So as a fellow struggler, I am learning two lessons when it comes to being a good emotional leader. First, apologize when I blow it. When my mood negatively affects my kids or volunteers, I have gone back and apologized for it. As I apologize, I am admitting my mood affects them and it reminds me that is not the person I want to be.

Second, I am learning to battle out the negativity on my knees and give it to God. Eisenhower brought his pessimism and discouragement to the pillow, David would yell at God in the Psalms. With all due respect to Eisenhower, I think David’s approach is better. I’m not as good as Eisenhower. Vent your frustrations and pessimism to God. He can handle it and somehow it seems to just make things better.

How do you handle pessimism and disappointment?

Monday, February 20, 2012

Winning Beats Losing III

When talking about winning or success, the assumption can be that it means that everything will always go right and mistakes cannot or will not be made. We think that those who succeed always got it right. This is a big misconception.

Failure must be embraced as part of the process of winning if we are to succeed at anything. As Captain Haddock says in the Tintin movie, “Don’t let your failures defeat you.” Unfortunately, fear of failure is one of the greatest obstacles to success. I know this is a fear I continue to struggle with.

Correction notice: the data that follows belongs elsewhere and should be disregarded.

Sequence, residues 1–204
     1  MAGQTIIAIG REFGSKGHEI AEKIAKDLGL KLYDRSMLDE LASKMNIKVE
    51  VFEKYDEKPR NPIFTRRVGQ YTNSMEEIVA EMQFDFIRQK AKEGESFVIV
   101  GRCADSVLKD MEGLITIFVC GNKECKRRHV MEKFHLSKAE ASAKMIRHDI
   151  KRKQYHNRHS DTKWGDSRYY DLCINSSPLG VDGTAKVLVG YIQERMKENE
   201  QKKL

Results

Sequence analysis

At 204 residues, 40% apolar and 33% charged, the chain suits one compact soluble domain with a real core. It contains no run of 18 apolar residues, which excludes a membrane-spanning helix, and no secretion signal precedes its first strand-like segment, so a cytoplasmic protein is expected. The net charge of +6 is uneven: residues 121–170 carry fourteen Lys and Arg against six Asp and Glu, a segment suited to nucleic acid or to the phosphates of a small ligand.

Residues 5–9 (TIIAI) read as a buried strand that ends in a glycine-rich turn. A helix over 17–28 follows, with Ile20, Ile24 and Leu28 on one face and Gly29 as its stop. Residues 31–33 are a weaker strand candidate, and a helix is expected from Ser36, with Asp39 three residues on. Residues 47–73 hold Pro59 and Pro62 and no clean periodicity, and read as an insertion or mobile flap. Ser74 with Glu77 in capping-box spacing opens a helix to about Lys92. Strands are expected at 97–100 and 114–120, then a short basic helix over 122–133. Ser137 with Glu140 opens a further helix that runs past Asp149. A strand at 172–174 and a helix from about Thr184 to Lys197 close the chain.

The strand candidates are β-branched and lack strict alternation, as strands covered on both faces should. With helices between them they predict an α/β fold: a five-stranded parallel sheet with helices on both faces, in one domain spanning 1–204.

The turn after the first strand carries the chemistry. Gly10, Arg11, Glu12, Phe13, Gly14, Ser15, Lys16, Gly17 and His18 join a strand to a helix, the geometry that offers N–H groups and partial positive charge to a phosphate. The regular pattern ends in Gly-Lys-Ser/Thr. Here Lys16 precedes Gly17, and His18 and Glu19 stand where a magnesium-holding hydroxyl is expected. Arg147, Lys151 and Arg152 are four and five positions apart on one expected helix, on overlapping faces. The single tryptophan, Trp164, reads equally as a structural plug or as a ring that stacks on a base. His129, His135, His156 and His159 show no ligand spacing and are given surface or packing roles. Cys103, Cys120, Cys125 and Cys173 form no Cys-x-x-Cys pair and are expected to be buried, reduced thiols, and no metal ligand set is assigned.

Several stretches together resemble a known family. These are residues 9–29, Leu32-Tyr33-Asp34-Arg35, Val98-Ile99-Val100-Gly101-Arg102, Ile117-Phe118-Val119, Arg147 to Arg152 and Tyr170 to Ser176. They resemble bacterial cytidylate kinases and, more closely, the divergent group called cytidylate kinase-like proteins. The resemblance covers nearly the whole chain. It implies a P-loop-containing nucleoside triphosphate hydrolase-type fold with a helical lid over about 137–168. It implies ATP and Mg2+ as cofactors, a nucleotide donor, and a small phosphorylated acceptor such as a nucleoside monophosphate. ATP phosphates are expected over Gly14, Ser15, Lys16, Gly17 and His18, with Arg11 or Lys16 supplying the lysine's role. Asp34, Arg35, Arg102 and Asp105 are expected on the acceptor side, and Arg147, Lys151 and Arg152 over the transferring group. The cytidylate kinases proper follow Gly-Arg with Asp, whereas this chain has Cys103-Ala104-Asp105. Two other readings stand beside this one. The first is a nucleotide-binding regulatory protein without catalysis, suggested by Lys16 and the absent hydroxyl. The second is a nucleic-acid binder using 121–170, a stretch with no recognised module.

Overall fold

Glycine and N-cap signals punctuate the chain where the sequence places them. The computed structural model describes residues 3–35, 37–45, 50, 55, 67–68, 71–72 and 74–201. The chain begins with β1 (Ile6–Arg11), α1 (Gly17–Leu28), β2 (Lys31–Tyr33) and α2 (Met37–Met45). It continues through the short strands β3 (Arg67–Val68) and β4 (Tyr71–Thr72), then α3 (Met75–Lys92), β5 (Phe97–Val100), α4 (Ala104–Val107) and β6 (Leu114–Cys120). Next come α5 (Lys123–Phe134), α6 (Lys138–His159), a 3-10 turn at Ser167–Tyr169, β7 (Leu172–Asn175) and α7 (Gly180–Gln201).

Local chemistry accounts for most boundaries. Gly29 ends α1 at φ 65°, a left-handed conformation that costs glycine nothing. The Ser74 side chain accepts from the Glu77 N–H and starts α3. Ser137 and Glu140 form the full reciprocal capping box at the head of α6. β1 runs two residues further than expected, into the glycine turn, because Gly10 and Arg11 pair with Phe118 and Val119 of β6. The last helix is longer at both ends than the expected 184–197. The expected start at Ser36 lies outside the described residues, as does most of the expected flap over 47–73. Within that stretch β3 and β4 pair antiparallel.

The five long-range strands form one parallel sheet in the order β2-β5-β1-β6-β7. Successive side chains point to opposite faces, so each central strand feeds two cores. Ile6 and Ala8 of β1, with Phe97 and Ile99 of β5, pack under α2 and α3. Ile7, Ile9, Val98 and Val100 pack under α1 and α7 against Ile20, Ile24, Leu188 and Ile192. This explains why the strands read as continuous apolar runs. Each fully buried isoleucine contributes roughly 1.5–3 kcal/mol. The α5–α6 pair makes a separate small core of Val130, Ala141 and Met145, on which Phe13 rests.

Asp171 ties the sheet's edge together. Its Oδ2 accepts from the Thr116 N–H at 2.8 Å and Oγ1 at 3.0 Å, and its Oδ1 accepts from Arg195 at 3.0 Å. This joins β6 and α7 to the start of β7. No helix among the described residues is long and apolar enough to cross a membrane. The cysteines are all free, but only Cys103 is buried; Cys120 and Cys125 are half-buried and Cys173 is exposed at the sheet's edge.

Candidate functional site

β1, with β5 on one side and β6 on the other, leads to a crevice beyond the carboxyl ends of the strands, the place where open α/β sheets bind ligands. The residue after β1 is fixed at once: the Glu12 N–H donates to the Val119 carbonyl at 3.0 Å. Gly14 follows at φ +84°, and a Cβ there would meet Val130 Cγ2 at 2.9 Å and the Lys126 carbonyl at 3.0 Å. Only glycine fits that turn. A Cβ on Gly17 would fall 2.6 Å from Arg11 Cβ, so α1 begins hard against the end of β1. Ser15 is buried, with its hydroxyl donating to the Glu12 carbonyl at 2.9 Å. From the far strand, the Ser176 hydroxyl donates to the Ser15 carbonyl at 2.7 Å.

I have always been competitive. As a kid, I had a friend who did much better in school than I did. (We are still good friends.) After every test and report card we would compare grades. He would always come out ahead. After a while I expected to lose to him and decided not to study as much as he did. In my mind, I thought, “I could get grades like Bres if I wanted to but I just choose to not study as much as he does.” The reality was I feared that even if I studied all out, I still wouldn’t do as well as Bres (short for Breslin – everybody was called by their last name. I was Corc.) In reality, Bres just had a better work ethic and I let the fear of failure defeat me.